MPs slam HMRC's 'deeply worrying' lack of post-Brexit customs system

A failure to finish new customs systems by the time of Brexit in March 2019 would be'catastrophic and leave food rotting in trucks at borders such as the Port of Dover, MPs claim today

A failure to finish new customs systems by the time of Brexit in March 2019 would be'catastrophic and leave food rotting in trucks at borders such as the Port of Dover, MPs claim today

The cross party committee said the number of customs declarations which HM Revenue and Customs must process each year could increase nearly five-fold after Brexit - from 55 million to 255 million.

'HMRC is under considerable pressure to deliver the new Customs Declaration Service in time, but it does not yet have funding to increase the capacity of CDS to deal with the consequences of Brexit - nor to develop contingency options.

"Failure to have a viable customs system in place before the UK's planned exit from the European Union would wreak havoc for United Kingdom business, trade and our global reputation", said Meg Hillier, an MP from the main opposition Labour party who chairs the committee.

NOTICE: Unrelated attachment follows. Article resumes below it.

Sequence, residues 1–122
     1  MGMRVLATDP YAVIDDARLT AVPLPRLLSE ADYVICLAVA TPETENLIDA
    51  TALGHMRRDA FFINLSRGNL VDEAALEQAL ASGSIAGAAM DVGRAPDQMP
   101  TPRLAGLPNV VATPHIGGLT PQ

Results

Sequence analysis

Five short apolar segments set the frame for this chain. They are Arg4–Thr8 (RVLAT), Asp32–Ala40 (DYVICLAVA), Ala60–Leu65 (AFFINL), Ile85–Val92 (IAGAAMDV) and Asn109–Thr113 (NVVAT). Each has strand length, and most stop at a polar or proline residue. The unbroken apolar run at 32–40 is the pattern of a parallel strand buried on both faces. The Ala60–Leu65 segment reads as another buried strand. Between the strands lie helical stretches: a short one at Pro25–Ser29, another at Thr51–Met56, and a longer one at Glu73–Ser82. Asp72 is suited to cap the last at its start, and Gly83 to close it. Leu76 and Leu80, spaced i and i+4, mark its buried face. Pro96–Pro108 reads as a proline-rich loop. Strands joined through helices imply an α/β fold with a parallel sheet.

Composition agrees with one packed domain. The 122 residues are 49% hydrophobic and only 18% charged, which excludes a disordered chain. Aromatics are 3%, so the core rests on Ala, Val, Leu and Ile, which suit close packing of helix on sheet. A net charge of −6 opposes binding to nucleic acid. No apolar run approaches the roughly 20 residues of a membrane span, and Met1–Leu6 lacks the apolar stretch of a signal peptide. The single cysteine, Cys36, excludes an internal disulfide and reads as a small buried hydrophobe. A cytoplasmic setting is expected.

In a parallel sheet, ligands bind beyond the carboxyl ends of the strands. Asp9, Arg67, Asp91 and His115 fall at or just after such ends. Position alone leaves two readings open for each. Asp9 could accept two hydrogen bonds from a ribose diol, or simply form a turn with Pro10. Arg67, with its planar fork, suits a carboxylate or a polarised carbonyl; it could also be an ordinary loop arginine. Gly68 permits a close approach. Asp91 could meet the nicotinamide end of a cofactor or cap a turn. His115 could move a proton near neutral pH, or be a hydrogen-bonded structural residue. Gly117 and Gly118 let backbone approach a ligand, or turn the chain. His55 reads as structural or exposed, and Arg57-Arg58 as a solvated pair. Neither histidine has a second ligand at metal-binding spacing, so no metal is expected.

The report also said there should be a contingency plan in place in case the customs system is not ready before Britain's expected departure in March 2019.

"The Treasury needs to ensure there is funding in place to develop contingency options so that there are no barriers to continuity of service", it said.

In its report, Brexit and the future of Customs, the committee also warned that HMRC is managing an unsustainable amount of change with 15 programmes and 250 projects in its transformation portfolio.

It states: "A failed customs system could therefore lead to huge disruption for businesses, with delays potentially causing massive queues at Dover and resulting in food being left to rot in trucks at the border".

Meg Hillier, the Labour chair of the committee, said HMRC should be "banging on the doors of the Treasury" in order to secure the funding it needs to get the system operational in time to deal with the change.

Despite this, top officials from the tax agency have told MPs the programme is on track and well governed, but have admitted that some risks remain that could jeopardise the already tight timetable.

HMRC started planning to replace CHIEF in 2013-14, well before the EU Referendum following changes to EU legislation which would have been costly and hard to make on CHIEF's ageing technology.

But Prime Minister Theresa May's spokesman said the customs service was "on track" to be ready in time.

It said that HMRC's latest estimate is that 132,000 traders will have to make customs declarations for the first time once the United Kingdom leaves the EU. HMRC could, for example, update regularly the information it provides to traders on its website which we have been told has not been updated significantly since 2014. "This compares to over 6,000 trusted traders in Germany".

It urged HMRC to ensure that traders are informed of the CDS timeline and progress by January 2018. However, CDS was originally created to handle 150 million declarations each year.